L65.2: Alopecia Mucinosa
This disease can occur anywhere on the scalp, face, or neck, always causing hair loss when present on the scalp. It is caused by mucinous material building up in your follicles and oil glands, causing inflammation.
Though quick treatment prevents any scarring, in severe cases, the follicles become permanently damaged.
L65.8 Other Nonscarring Hair Loss, Specified
Though not commonly used, this code is for when the cause of hair loss is specified somewhere in the ICD notes but has not been given its own distinct designation.
L65.9 Nonscarring Hair Loss, Unspecified
This code is used when little information is known about a specific condition. Doctors are encouraged to avoid using this code when there is any other one that works.
Cicatricial Alopecia [Scarring Hair Loss]
All the ICD 10 codes in the L66 section cause scarring to your follicles. Little is known about some of these, but most involve some type of swelling and redness. Some of these are similar, looking almost identical but having different causes.
This is a rare scalp disease that spreads in irregular patches of hair loss. Though it is diagnosable, little is known about what causes it.
L66.1: Lichen Planopilaris
Lichen planopilaris is also called scarring alopecia. It can affect the body in places other than the scalp, causing redness, inflammation, and often permanent hair loss. It is thought to be an immune system malfunction.
L66.2: Folliculitis Decalvans
This scalp disease is similar to L66.1, but it also sometimes involves oozing and has a different cause. It can still cause follicle scaring, though, preventing your hair from regrowing. It is thought to be caused by a certain bacteria.
L66.3: Perifolliculitis Capitis Abscedens
This disease is where spots on your scalp feel spongy and swollen, with your hair falling out in those areas. It is a rare and chronic disease that little is known about.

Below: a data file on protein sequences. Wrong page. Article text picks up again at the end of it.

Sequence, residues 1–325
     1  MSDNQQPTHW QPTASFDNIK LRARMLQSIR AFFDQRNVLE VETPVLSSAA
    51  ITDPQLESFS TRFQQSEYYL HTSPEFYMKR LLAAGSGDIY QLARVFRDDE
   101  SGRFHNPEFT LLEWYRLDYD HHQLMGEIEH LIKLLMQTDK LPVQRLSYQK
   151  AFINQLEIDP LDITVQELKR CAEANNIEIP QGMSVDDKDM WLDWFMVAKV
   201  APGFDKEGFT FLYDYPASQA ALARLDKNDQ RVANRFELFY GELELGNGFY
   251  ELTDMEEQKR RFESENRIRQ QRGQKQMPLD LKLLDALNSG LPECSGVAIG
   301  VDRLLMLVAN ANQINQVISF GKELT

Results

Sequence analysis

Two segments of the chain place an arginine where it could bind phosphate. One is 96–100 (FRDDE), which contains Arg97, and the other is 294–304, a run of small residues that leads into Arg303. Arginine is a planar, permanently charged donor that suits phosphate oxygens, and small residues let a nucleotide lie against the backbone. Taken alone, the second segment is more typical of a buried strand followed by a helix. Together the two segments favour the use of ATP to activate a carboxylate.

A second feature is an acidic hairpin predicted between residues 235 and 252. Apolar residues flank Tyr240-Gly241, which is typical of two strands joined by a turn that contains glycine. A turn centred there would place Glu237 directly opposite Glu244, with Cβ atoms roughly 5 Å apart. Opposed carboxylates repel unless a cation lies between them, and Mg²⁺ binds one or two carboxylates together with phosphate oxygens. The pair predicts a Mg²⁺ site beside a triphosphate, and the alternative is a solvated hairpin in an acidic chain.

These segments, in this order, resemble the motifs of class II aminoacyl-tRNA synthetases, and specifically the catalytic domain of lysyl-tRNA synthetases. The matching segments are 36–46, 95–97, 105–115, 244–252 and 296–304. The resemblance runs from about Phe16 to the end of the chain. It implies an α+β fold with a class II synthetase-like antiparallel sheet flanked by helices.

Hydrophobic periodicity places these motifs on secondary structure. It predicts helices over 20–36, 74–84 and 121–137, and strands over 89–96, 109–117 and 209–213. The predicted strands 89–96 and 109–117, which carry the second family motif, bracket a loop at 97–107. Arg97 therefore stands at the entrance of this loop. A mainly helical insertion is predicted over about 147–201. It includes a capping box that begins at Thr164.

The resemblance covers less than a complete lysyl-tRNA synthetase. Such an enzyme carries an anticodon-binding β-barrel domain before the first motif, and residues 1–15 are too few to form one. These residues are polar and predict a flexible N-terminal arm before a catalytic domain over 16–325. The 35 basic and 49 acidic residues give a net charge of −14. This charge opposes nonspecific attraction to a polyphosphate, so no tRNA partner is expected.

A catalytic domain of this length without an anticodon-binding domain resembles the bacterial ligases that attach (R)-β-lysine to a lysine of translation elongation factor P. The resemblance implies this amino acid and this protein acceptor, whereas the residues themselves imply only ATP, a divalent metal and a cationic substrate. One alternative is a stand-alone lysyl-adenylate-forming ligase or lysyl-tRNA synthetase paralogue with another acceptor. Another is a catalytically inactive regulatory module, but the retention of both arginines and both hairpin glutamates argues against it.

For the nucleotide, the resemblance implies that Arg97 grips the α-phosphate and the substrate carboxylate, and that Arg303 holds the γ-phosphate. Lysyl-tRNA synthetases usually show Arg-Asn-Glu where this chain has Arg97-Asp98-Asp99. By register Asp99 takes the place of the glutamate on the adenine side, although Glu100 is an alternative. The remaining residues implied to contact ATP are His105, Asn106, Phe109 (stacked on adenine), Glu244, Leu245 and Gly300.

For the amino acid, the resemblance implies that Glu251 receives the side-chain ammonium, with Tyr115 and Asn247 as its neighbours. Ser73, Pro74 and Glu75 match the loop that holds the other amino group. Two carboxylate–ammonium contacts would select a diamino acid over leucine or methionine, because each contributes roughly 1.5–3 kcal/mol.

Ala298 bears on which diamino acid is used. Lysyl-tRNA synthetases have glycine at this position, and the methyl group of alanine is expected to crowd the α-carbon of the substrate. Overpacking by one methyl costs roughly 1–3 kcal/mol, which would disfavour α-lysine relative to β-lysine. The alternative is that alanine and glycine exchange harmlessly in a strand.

L66.4: Folliculitis Ulerythematosa Reticulata
This code is used when keratosis pilaris (KP), a rare type of skin condition, affects the scalp. It causes acne-like bumps and redness.
L66.8: Other Cicatricial Alopecia
There are other types of conditions that are known to cause scarring alopecia. These are sometimes so rare that they are not given their own designation.
L66.9: Cicatricial Alopecia, Unspecified
This code is for hair loss that seems to be related to scaring, but little is known about it.
What About ICD 11?
In 2021, WHO released another update for their codes that very few people are aware of, which is ICD 11. Though these codes will be available for all countries to start implementing as of January 1, 2022, the US is still not using the new format yet.
Considering it took over 10 years for the US to implement ICD 10, this is not surprising. At this point, the new ICD is set to take effect in 2025. This may be set back to 2027 if there are any delays, such as a CM version being needed.
The Differences Between ICD 10 & ICD 11
There are many differences between these two ICDs, which will be important to know when the changeover happens. Some healthcare providers may start the changeover process soon.
The ICD 10 version had Roman numerals as its different chapters, while the ICD 11 has Arabic. However, in the US, the 10th version was already altered in that way for convenience, so the 11th version will not change anything for the country.
Instead of the 3-character codes, such as L63 for hair loss, they are making it a 4-character code in order to have more sections. This 4th character will be placed at the front and will indicate the chapter number where it is found.
So, if alopecia areata is placed in chapter 4, which is Diseases of the immune system, it will be 4L63 instead of L63.
O’s and I’s
The letters “O” and “I” can often be confused with the numbers “1” and “0”, especially in certain fonts. Also, the lowercase letter “l” is quite similar and easy to mistake.
So, in the new format, those letters will not be used at all. Only the numbers “1” and “0” will be present, so there is no confusion. The uppercase “L” is still used, but never in its lowercase form.
Filing an insurance claim can be stressful, and putting in the wrong ICD code can prevent you from getting the coverage you need. Some insurances consider hair loss to be cosmetic and don’t cover it unless there is some underlying cause.
Hopefully, knowing these ICD 10 codes for hair loss will help you afford the right treatment for your hair.